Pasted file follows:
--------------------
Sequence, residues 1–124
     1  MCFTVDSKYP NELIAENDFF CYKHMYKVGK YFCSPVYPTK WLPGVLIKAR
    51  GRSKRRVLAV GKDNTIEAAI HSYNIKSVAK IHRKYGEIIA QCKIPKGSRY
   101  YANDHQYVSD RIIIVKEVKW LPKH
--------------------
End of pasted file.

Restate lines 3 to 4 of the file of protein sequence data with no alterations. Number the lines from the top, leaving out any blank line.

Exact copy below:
    51  GRSKRRVLAV GKDNTIEAAI HSYNIKSVAK IHRKYGEIIA QCKIPKGSRY
   101  YANDHQYVSD RIIIVKEVKW LPKH